We'll admit it: We wish we had that damned story, not Wick Allison's Park Cities Greensheet. So, when D ran that cover with Hicks, or a Photoshopped Tommy, flashing empty pockets, we pretended it was so much tabloid hogwash, Allison's way of proving to his moneyed pals he couldn't be bought by this town's richest fellers. Turns out that story was dead on the money, no matter how hard Hicks tries to deny it; after all, if he really wanted to stick with a winner, he would have held onto his Dallas Stars, our most recent champs in any major sporting league. Instead, he's selling off his NHL team (worth about $200 mil) and his stake in the American Airlines Center (estimated value: $400 mil). Why he's dumping the AAC is beyond us; yeah, we hate the place, but it's gotta be the rich man's ATM, unlike the Arlington-owned Ballpark, which will soon enough start to look like it smells. (Ya know, now that we think about it, that place always was a hokey hodgepodge.) Maybe Hicks just couldn't get over his man crush on Mike Modano, who's gone from underrated to overrated in three seasons' time; maybe he just likes the drive to Arlington. Or maybe he's got a thing for guys in tight pants who grab their crotches and spit. Dunno. All we know is this Texas Ex is dumping the one team he owns that's respectable in order to keep the one that's reprehensible. Does that make any damned sense, or cents, to you?

Judging by how often he's cast in local productions, Bill Jenkins appears to be a director's darling. In the three leading roles he's had at three theaters here this year, he's proven versatile, likable and dependable as a performer, expertly tackling a wide range of accents and acting styles. For Addison's WaterTower Theatre, he roared as the ghost of John Barrymore in the high-spirited I Hate Hamlet. At Theatre Three (where he was voted "Patrons' Favorite") he raised the roof as an ambitious young Baptist minister in God's Man in Texas. For Theatre Britain at the Trinity River Arts Center, he oozed cockney charm as The Mysterious Mr. Love. He's also performed major comedic and dramatic roles at Kitchen Dog, Stage West, Casa Maana and Circle Theatre. Watching Jenkins onstage is a lesson in acting technique. His diction is crisp, his physicality well-tuned. His handsome face, with its deeply dimpled smile, can shift from utterly beguiling one moment to dangerously brooding the next. There's something old-fashioned about Jenkins' approach to stage work. He doesn't just say the words and strike the poses; he inhabits the characters and disappears into the roles. When his name is in the program, you know you're in for something good. Applause, applause.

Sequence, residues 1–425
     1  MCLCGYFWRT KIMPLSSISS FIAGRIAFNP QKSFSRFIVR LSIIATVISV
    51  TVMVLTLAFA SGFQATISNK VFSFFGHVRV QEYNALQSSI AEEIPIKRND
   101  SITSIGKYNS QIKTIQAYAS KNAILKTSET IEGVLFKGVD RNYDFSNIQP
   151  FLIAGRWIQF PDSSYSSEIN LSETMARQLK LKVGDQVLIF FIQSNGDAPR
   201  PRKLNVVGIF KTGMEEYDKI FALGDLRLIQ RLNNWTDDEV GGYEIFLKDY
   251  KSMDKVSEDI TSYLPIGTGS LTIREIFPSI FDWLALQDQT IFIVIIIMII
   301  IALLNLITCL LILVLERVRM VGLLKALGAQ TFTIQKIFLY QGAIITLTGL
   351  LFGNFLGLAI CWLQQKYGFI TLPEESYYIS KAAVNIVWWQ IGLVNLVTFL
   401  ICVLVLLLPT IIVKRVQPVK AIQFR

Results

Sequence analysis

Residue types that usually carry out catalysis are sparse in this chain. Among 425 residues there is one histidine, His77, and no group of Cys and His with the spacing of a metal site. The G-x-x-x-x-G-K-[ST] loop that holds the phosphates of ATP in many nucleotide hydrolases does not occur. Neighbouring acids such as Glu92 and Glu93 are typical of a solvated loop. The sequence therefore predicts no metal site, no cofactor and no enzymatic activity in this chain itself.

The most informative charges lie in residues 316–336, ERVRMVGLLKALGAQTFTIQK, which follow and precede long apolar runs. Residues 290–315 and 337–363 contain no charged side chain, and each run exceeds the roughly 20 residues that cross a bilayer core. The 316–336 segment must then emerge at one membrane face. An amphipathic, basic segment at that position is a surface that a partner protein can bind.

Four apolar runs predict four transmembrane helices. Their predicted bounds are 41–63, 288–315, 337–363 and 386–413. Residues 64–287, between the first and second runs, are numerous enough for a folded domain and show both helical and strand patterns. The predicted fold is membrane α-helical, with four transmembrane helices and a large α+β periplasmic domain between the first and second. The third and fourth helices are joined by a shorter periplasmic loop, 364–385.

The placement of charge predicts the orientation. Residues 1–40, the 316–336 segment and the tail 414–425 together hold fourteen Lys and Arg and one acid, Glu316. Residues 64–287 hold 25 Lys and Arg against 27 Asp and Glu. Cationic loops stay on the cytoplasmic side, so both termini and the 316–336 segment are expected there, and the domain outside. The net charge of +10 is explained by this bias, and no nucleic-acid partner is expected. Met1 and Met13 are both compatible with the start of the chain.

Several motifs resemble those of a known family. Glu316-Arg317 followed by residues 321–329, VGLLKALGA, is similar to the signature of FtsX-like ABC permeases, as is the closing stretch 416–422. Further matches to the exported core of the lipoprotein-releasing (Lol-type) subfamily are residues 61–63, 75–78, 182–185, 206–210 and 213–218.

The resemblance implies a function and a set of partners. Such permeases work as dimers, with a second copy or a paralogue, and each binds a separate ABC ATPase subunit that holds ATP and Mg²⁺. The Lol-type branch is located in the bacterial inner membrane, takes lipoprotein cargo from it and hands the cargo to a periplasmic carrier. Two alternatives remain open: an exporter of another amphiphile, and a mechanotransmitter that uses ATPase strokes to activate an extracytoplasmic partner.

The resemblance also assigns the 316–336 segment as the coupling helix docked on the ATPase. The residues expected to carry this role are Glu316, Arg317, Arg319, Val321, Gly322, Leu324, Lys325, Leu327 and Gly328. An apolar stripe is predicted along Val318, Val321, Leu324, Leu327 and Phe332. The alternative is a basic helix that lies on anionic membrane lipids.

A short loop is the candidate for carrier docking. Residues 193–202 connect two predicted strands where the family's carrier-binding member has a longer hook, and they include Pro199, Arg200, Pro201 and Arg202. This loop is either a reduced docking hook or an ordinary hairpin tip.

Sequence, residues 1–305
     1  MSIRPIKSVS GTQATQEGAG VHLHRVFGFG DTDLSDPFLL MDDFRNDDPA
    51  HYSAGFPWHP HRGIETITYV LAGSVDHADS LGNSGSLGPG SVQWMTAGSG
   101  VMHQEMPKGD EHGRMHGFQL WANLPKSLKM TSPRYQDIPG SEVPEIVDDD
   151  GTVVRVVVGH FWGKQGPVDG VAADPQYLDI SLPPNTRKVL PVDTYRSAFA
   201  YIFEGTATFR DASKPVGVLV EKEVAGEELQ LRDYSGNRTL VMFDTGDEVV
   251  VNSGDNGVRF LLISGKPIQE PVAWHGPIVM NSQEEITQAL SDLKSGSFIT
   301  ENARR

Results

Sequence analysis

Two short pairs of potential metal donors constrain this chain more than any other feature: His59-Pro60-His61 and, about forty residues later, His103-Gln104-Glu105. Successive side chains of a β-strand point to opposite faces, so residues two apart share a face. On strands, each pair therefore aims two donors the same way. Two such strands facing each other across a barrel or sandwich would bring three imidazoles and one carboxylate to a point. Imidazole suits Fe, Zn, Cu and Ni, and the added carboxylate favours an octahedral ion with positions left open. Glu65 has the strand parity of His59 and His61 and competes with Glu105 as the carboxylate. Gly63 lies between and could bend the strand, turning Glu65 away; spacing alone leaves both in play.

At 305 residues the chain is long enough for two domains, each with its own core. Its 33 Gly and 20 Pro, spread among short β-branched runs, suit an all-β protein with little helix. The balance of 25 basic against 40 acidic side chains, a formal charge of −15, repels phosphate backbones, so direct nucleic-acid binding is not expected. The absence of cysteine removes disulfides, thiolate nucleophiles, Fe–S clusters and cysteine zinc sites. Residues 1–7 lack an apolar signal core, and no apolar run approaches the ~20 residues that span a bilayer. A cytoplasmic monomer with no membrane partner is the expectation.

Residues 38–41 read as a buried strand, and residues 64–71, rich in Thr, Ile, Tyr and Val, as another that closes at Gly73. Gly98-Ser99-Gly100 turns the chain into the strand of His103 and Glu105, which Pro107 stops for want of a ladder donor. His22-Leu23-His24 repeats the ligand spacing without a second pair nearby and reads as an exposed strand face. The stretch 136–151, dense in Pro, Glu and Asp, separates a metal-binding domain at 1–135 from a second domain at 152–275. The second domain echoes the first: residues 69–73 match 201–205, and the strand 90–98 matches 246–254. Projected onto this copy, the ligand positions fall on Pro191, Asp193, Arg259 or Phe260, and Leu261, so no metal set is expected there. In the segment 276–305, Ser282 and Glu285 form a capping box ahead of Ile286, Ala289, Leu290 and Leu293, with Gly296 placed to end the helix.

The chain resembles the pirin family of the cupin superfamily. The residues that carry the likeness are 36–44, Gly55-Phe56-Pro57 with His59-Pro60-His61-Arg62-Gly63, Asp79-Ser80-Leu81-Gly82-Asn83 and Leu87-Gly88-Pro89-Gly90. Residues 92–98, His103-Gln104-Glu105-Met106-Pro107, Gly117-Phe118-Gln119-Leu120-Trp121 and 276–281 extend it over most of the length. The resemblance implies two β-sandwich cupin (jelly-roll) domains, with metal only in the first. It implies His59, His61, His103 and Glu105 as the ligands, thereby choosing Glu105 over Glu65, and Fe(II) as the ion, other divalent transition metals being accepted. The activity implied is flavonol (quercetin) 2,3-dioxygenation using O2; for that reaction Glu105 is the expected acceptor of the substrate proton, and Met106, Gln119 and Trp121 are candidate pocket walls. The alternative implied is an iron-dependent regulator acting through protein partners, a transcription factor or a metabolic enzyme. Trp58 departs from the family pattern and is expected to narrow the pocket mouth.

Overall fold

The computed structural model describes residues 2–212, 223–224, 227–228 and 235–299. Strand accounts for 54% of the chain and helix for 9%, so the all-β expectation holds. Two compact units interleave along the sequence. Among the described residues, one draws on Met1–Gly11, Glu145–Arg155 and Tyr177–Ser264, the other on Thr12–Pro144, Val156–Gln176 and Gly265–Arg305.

Quite a fuss was made when the Angelika Film Center & Café opened at Mockingbird Station, but here's the dirty truth: Parking is impossible, and once you actually get inside the theater (if you do; shows sell out quicker than most business majors), you're surrounded by every North Dallas soccer mom who still thinks going to see independent (or--gasp!--foreign) films is edgy. Quietly, the Magnolia was up and running a few months later, and since then, it's beaten the Angelika at its own game--finding the sweet spot between the art house and the cineplex--even if the scoreboard doesn't always reflect it. You can grab an adult beverage at Fuel (the cozy and classy bar upstairs) and a Hebrew National hot dog from the concession stand, then sit back and relax with some of the finest films coming through town. And you can do it all in an atmosphere that feels more like you're in your living room with friends instead of the odd man out at a Jewish singles function. Bonus: The Magnolia houses one of the only digital projectors in Texas.